FIGS. 4 and 5 are fragmentary views in perspective showing details of the cover/chute and reaction can, respectively; and
FIG. 6 is a fragmentary sectional view of a second embodiment showing another connection between the cover and can in the assembled air bag module.
In FIG. 1, an air bag module 10 according to the present invention consists of a reaction can 12 and a module cover/chute 14 intended to be mounted in an instrument panel or dashboard on the passenger side of an automotive vehicle. The reaction canister 12 contains an inflator and a folded air bag as shown in any of the above noted patents. These components form no part of the present invention and therefore are not shown in the drawings. The manner in which the module cover 14 is attached to the reaction canister will become apparent from the fragmentary views in FIGS. 4 and 5, and the sectional views in FIGS. 2 and 3.
As seen in the Figures, the reaction canister 12 includes a housing 20 having a side wall 22 and endwalls 24, which extend upwardly to define a mouth 26. The sidewalls 22 extend beyond the upper edge 28 of the endwalls. Extensions 30 in the upwardly extending sidewalls 22 are slotted, e.g. by punching or cutting suitably shaped openings 32 adjacent to the upper edge or rim 34 of sidewall 22. The extension 30 is bent to form a flange 36 on opposite sides of the mouth 26 of canister 12.
Cover/chute comprises two sidewalls 42 and two endwalls 44 with the four walls defining a shape 46 complimentary to the shape of can mouth 26.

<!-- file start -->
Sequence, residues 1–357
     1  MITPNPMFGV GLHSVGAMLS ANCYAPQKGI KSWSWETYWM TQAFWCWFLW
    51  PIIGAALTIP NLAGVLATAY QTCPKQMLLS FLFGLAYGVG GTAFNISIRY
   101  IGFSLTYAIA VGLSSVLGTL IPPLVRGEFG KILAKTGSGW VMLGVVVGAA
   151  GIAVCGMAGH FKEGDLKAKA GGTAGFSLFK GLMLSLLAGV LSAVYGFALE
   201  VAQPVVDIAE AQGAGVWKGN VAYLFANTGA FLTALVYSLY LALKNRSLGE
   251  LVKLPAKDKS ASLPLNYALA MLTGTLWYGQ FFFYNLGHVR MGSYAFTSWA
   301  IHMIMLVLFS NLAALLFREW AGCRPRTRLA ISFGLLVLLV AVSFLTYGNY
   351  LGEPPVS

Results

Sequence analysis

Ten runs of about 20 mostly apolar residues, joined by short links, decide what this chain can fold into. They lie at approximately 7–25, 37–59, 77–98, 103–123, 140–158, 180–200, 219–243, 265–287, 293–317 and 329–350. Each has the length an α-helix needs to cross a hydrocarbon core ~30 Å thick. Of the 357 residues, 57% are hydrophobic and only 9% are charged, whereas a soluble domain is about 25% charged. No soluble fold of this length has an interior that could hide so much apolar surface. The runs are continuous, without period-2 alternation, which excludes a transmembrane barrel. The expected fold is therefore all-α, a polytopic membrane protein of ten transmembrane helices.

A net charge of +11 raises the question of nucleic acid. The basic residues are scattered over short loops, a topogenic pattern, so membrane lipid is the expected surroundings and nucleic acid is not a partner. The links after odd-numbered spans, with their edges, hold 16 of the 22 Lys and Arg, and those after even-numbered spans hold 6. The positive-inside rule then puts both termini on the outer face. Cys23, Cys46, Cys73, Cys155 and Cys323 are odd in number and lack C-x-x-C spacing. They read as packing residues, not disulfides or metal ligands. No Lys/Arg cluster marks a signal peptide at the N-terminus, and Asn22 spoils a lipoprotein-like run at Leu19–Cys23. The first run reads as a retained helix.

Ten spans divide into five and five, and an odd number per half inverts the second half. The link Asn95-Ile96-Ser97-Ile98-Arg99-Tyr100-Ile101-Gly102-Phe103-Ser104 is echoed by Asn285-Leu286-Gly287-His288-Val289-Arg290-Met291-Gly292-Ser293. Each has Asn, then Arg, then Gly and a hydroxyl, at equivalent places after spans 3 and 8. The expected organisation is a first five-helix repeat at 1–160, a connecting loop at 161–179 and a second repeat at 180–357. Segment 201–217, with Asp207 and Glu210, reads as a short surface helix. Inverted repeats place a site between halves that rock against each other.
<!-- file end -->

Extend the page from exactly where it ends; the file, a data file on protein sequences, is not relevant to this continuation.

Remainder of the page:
Integral with sidewalls 42 are webs 48 shown in FIG. 4. Webs 46 have an upper surface 50, substantially normal to the sidewalls 42 from which they protrude. Depending from the lower portion of the web 46 are blocks 52. Each block 52 has a generally square bottom 54 and sides 56 extending between bottom 54 and web 48. A bore 58 extends through each individual block 52, below web 48 and parallel to it.
The upper edge of each sidewall 22 is bent over to form flange 36 on reaction can. The recesses 32 in flange 36 are adapted to receive blocks 52. Blocks 52 are provided with draft surfaces or tapers to facilitate their insertion into recesses 32.
It will be appreciated that the combinations of blocks 52 and recesses 32 locate the cover/chute 14 with reference to the reaction can 12. After the two have been assembled, a tapered rod 60 may be inserted into bores 58 in the cover blocks, securing the cover 14 to reaction can 12.
In an alternative embodiment, can flange 36 may be bent so as to further confine rod 60, as shown in FIG. 6 supplementing the cooperation between rod 60 and bores 58.
Having now described preferred embodiments of the invention it is not intended that it be limited except as may be required by the appended claims.